CONNECT WITH US! News, contests, photos from readers and lots more! We love hearing from you! syracuseconnection Connection Publishing www.connectionpub.com If you'd like to advertise in our publications that reach over 10,000 homes in Syracuse, please contact Scott Jones at 801-628-0555 or scott@connectionpub.com, for ad rates and to receive a media kit. Disclaimer: The paid advertisements contained within the Syracuse Connection magazine are not endorsed or recommended by Connection Publishing or Syracuse City. Therefore, neither party may be held liable for the business practices of these companies. The City is also not responsible for any content in the magazines except for that which they directly submit for print.

I’ll never forget my fear as I took our two little children and Esse drove the team down to the Hoopes home, 1 1/2 miles north of Fairview. I drove back alone and unhooked the horses and turned them into the field. Esse was to wear a formaldehyde mask each time he went into the sick rooms and wash his hands in water with formaldehyde when he came out.

There could be no funeral service. Men from Fairview brought clothes and a casket in back of a white-topped buggy. They drove to the canal just inside Rileys gate, then fastened a piece of wire to the bridle bit of one horse; Esse was not to drive them or touch the harness. He led the team to the house, wading the canal, and backed them up to the bedroom window. With the two women helping Esse, they managed to get the casket out the window and into the back of the buggy, and Esse led the team out to the gate, again, wading the canal. That’s how frightened some people were.1 I ask of you another favor: There will be a written record of how the City of Syracuse managed the COVID—19 pandemic. That will be a municipal record. May I ask each family in Syracuse, if you choose, to send me a written record (500-words or less), containing your experiences as a family with the pandemic? I intend to preserve these stories by submitting them to the museum. I will respond to each record received. Thank you: mgailey@syracuseut.com Mayor Mike Gailey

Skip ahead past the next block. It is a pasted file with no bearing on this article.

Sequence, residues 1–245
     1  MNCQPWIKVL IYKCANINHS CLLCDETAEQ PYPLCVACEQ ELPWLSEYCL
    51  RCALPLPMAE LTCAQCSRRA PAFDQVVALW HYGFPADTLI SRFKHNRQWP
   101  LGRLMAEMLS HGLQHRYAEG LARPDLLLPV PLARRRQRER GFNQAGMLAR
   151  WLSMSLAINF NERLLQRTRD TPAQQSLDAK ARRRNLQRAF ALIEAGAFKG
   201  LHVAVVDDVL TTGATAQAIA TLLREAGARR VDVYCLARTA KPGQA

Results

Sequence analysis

1 Excerpt pp 47-49 of Mother’s Memories by Estella B. Harmon, provided by Syracuse resident, Patty Jex. Please note: all misspellings and grammatical errors, as written in the journal, have been corrected for ease of reading. January 2021 | syracuseconnection.com 3

in this issue

JANUARY The Connection Publishing Team Meet the people behind the pages of our magazines! HAPPY 2021! FINALLY! We asked our staff what they are looking forward to MOST in 2021.

Ryan Spelts Publisher/Owner Melissa Spelts Owner Rhett Long Sales VP

Happy 2021!!

Kristina Case Graphic Design



All things sourdough pg. 18


COMMUNITY Calendar of Events A Look Back Students of the Month


BUSINESS Sand & Swirl, Inc.


“For 2021, I’m hoping to walk out in public with my chin showing!!” Ann Park Sales & Writer Crystal Rappleye Ad Design

Special Advertisement Pages Econ Mortgage

Tell your story

CONNECT ON SOCIAL MEDIA: syracuseconnectionutah

Vy Trinh Sales Leadership

4 syracuseconnection.com | January 2021

“Watching my daughter perform in a packed theatre.”

Kim Crook Media Manager Hailey Minton Editor & Writer Jenny Goldsberry Writer

Questions or comments? ryan@connectionpub.com or 801-624-9652 Website: www.syracuseconnection.com

Melinda Hortin Sales

Robert Dodd Graphic Design of Roy Connection, and Ad Design

18 The Science of Sourdough

Photo by Kristina Case

Bear Creek Roofing The Keto Cookie Judd Homes